Reaching for the Stars

Reaching for the Stars

Seven years after the last successful Mars landing, the Mars rover Spirit renews Earth’s fascination with the Red Planet.

By Ed Reynolds

The sight of 3-D glasses on the faces of awestruck observers at NASA’s Jet Propulsion Laboratory briefly lent a 1950s sci-fi touch to the 2004 Mars Rover headquarters. It had been seven years since a spacecraft had successfully landed on Mars, and the smiles on the faces of scientists, engineers, and reporters as they viewed a panoramic 3-D image from the Mars Rover Spirit encapsulated the excitement of America’s successful return to space.

Red Planet Fever: An artist’s conception of the Mars Rover Spirit on the planet’s surface. (click for larger version)

Landing on Mars is a supremely difficult task. In 40 years, only 3 of the 36 attempts have been successful. A pair of Viking craft landed in 1976, sending back the first photos of the planet’s surface. It would be 21 years before another mission achieved the same accomplishment: a 3-foot roving robot named Sojourner slowly rolled across the reddish-orange surface in 1997 after parachuting out of the Mars Pathfinder spaceship, spearheading a flurry of attempts by nations, including the United States, to duplicate the amazing feat. None were successful. Some crashed into the planet. Others simply flew right by, such as a 1999 NASA spacecraft whose landing was foiled because a programmer had earlier failed to switch from English to metric units of measurement. Several weeks ago, when it became obvious that it would not be able to land, a Japanese craft was jettisoned out of Martian orbit and on an eternal trip to nowhere. On Christmas Eve, the European Space Agency, a scientific conglomerate of 15 countries, tried to land the British Beagle 2 on Mars. The lander has yet to communicate with Earth and is presumed dead, though the vehicle that carried it on its seven-month journey continues to transmit data about the Martian environment. It was the European Space Agency’s first Mars attempt, made with a shoestring budget of $40 million. The NASA Spirit mission has a price tag of well over $200 million.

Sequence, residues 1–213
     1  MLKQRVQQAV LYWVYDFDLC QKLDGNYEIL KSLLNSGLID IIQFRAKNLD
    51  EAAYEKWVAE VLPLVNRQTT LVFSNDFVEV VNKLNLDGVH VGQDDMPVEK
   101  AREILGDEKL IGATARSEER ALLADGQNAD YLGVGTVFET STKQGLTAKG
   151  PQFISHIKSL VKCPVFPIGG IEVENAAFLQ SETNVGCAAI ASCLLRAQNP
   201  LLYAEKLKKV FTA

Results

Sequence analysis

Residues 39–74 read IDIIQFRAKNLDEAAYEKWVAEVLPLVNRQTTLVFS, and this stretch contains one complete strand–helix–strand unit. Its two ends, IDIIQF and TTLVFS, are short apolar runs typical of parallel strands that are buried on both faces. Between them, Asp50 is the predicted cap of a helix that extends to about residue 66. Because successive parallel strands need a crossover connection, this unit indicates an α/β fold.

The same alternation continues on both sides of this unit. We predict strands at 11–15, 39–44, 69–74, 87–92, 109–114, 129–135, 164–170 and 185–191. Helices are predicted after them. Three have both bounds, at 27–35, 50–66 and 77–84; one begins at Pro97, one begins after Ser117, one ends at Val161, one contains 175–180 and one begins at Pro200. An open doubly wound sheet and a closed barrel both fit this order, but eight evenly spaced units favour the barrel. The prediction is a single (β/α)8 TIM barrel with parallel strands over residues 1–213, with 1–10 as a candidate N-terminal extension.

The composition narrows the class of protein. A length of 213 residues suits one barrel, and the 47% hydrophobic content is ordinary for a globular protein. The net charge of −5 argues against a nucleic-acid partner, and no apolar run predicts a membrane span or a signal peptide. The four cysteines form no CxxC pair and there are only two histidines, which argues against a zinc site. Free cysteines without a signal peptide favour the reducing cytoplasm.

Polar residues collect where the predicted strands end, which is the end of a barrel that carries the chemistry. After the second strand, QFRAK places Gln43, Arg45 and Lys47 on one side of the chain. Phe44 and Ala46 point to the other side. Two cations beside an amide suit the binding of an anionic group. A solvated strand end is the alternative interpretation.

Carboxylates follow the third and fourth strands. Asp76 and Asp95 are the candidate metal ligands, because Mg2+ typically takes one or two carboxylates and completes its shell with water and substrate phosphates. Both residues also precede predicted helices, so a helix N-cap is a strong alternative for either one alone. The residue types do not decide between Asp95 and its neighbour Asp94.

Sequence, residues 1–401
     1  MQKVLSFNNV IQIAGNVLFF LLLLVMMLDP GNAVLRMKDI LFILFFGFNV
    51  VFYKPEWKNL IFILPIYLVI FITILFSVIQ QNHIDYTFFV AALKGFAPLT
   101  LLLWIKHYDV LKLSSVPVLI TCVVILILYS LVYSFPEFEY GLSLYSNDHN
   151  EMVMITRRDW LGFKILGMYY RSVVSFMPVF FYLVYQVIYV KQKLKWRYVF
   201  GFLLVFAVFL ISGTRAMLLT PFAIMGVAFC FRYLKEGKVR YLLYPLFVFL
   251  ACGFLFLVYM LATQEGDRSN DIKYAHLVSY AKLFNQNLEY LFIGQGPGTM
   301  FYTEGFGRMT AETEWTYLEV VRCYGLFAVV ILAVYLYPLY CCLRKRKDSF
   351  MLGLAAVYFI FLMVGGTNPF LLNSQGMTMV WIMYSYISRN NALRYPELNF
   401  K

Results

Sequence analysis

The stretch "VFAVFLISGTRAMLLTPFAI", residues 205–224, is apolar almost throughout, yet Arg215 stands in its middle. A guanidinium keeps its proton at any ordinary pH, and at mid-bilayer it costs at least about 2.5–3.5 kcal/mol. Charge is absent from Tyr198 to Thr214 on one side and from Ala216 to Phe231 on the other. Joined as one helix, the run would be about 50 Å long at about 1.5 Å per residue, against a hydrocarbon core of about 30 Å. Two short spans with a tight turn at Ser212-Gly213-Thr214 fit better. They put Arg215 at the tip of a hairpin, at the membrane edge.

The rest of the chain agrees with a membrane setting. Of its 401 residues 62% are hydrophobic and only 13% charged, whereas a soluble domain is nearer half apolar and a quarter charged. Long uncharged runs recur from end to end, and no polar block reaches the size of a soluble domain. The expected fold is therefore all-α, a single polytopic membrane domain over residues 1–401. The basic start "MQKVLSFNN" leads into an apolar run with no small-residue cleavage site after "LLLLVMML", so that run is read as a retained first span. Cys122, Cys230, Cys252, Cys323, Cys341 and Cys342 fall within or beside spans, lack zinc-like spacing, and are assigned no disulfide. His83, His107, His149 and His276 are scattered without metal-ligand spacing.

The ultimate objective of the rover Spirit is to search for signs of water in Mars’ past—the key to life as Earthlings know it. Polar ice caps presently exist on Mars, and scientists suspect that channels of warm running water may lie beneath the surface, which would perhaps allow some form of life to thrive. The six-wheeled Spirit robot is the size of a golf cart, and it’s equipped with a drill to bore into rocks, then to study them with a microscope and mineral analyzer. It takes at least 10 minutes for commands from Earth, traveling at the speed of light, to reach the Spirit. Therefore, the rover must be “smart enough” to make many of its own decisions, such as how to navigate around hazards that lie in its path. High-resolution stereo vision is employed by Spirit to survey the landscape, hence the reason for using 3-D vision. Infrared cameras locate minerals that could have formed after coming into contact with water at some point long ago. On January 24, an identical rover, Opportunity, is scheduled to land on the opposite side of the planet.